The GCISD community has shown its support for previous bond programs.
Dr, Ryan explained that we remain financially responsible with our debt management. One example of this is from the 2011 bond program. We were able to secure a 23.4% lower tax increase than originally proposed to our voters. Strategic selling of the bonds resulted in $33.5M in interest cost savings to taxpayers. Another example of our responsible debt management came in April 2015 when the district refinanced its older bonds from an original interest rate of 5% to 1.71%. This has been done multiple times for savings to taxpayers.
And our diligence is recognized, garnering good ratings from Moody’s Investors Service and Standard & Poor’s, which look at our financial position and our debt-to-income ratio. At 2.93%, GCISD is below the state average. GCISD also has the sixth lowest Debt Service Tax Rate of comparable non-fast growing districts in DFW.
Dr. Ryan closed with a focus on the district’s vision to look toward the future needs of our students. He explained that this is FIRST’s charge -- we need FIRST to look at what our students’ need and what educational needs we have in this district.
Debt Status and Capacity, Comparative Data, Interest Rates Projection & Tax Implications of Various Bond Package Values
Josh McLaughlin with BOSC, Inc. began his presentation by pointing out the impact of the state’s decision to not fund facilities. The debt service trend for Texas school districts has been increasing over the last 10 years and more districts have reached the $0.50 maximum Debt Service Tax Rate.
Mr. McLaughlin also reviewed the taxable value trends for GCISD, which have been volatile over the last eight years. GCISD currently has a taxable value of $10,124.143,115. Since the 2007-2008 school year, the district’s taxable value has increased by $318,829,148. Mr. McLaughlin explained the current structure of the district’s existing debt. The district has a total principal amount of outstanding bonds equal to $326,820,150 that will be repaid in 20 years.
Mr. McLaughlin showed historical interest rates and current interest rates, which remain historically low giving the district more funding capacity and making it a good time to sell bonds.
Mr. McLaughlin then presented a preliminary tax rate analysis with five different scenarios for various bond program examples, ranging from $100M to $200M. He also discussed assumptions used in building this analysis, which included expectations for short-term projects related to a possible bond. For example, $15M for technology-related projects would be repaid within seven years and $30M for equipment, buses, and other short-term assets would be repaid within 15 years.
The tax rate impact of the five scenarios ranged from adding 4.3 cents to 10.53 cents to the debt service tax rate. The cost of the tax rate impact is based on the average taxable home value in GCISD of $275,739. The five scenarios result in annual increases ranging from $119 to $290, which equates to a monthly increase between $10 and $24.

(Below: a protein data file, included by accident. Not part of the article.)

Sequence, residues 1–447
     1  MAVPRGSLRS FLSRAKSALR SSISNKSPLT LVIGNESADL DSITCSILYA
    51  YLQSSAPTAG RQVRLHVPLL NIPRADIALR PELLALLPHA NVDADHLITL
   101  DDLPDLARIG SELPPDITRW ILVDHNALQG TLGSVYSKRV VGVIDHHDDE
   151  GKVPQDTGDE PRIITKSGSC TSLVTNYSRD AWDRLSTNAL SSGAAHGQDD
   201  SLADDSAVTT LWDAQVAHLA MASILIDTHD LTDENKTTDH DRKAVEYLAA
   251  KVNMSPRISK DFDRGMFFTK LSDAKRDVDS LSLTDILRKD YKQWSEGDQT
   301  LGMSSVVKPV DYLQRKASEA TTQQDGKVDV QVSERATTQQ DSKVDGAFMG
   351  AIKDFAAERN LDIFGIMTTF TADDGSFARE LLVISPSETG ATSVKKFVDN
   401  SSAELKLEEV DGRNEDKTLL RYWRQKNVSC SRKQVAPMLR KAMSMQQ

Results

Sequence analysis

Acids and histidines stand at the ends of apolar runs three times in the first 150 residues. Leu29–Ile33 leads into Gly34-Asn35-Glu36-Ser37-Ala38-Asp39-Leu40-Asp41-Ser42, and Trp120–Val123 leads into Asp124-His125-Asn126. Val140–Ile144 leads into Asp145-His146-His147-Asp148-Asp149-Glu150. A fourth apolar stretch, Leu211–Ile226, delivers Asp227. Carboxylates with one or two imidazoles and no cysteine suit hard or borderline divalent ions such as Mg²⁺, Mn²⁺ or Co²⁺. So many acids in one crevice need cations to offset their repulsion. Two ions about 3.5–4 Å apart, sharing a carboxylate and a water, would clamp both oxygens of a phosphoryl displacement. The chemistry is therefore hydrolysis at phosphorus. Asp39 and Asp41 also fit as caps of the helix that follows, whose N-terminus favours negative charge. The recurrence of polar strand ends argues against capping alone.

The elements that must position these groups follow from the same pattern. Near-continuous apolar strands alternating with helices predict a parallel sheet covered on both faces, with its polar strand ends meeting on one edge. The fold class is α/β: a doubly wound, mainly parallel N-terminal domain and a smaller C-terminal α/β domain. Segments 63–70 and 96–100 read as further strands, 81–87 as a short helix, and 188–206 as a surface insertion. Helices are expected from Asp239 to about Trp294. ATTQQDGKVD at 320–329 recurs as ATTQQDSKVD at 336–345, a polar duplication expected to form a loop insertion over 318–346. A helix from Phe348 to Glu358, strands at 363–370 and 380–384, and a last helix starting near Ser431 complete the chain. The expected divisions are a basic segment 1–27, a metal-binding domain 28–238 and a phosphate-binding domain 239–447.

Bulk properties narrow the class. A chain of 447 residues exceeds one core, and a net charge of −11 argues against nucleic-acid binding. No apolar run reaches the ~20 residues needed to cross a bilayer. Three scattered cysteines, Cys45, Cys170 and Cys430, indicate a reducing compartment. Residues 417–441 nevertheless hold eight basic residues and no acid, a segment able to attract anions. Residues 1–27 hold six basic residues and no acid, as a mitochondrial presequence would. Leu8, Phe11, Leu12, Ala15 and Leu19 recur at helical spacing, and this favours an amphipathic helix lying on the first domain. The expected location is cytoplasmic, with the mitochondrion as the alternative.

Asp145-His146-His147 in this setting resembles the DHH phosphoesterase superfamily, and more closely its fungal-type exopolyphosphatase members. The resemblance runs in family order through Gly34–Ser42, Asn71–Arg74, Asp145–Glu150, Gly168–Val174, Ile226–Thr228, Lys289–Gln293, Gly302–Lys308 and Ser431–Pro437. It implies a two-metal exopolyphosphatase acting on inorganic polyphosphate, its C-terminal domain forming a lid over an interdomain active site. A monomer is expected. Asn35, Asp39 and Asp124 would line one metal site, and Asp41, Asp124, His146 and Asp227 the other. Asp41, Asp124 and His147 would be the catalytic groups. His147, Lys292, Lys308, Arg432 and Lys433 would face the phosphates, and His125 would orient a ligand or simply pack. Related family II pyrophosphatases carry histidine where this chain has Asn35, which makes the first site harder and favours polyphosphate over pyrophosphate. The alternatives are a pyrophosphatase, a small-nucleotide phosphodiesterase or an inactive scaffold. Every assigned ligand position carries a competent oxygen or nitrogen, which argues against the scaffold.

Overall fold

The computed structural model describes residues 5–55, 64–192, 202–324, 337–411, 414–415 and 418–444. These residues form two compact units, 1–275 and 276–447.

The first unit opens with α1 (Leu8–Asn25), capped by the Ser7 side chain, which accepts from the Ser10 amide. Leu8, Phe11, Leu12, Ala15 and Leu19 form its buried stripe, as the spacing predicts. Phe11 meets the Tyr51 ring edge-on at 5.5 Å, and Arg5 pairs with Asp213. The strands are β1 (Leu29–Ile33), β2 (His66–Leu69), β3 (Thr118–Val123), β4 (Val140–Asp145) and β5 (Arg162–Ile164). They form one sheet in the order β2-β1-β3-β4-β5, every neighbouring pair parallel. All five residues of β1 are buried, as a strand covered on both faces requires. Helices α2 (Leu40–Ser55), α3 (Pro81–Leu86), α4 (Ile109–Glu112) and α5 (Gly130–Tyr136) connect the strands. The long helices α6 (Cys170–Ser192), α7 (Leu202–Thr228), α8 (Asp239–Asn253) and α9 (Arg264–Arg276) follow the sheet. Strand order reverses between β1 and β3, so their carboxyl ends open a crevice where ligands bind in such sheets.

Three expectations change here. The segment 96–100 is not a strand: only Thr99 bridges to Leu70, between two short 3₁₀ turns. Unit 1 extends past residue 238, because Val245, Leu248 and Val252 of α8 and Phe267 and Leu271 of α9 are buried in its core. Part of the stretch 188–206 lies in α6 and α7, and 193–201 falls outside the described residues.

Student Enrollment Projections
Jeff Baker with Templeton Demographics discussed housing market activity for Colleyville and Grapevine. He also presented a sampling of various new developments in the district, showing potential areas of growth and increases in student population.
Mr. Baker’s presentation gave team members an update on GCISD enrollment history, with the most current numbers coming from October 2014. He noted that these numbers do not include iUniversity Prep since those students would not occupy district facilities.
He explained that GCISD is a “mature” district; meaning enrollment was stable. He added that this is supported by looking at 12th grade enrollment of 1,099 and and first grade enrollment of 914. “When these numbers are close, you know the district is stable or “mature, said Mr. Baker.”
GCISD has about 13,555 students, 22.1% of which are economically disadvantaged. GCISD is also made up of the following races/ethnicities:
Mr. Baker also gave a 10-year forecast, projecting the district will gain about 5% in students over next decade -- about ½ % to 1% each year. The district is projected to add approximately 440 students in the next five years.
In summary, Mr. Baker concluded that people will continue to move to the area because DFW is leading the nation in job creation and we can expect regeneration in overall areas of the district.
Ms. Barbaroux asked the group the following question. If GCISD has less students coming in at elementary level, what does that mean for M&O revenue? It’s decreasing. The counterbalance is regeneration and the good news is that we can expect a regeneration in our student population in the next few years.
Ms. Barbaroux asked team members to look back at the student enrollment forecast slides and review the projected growth for identified schools. Housing developments will add students in concentrated areas of the district and not in all schools. She explained that the team will later have conversation about what this means for facilities.
The financial presentations of the second meeting are the backdrop and the information the team will need in making decisions for the district’s future. While the district is facing many financial challenges, Ms. Barbaroux reiterated that a lot of wonderful things are taking place in GCISD for the benefit of our students and the issues faced are to be viewed as opportunities.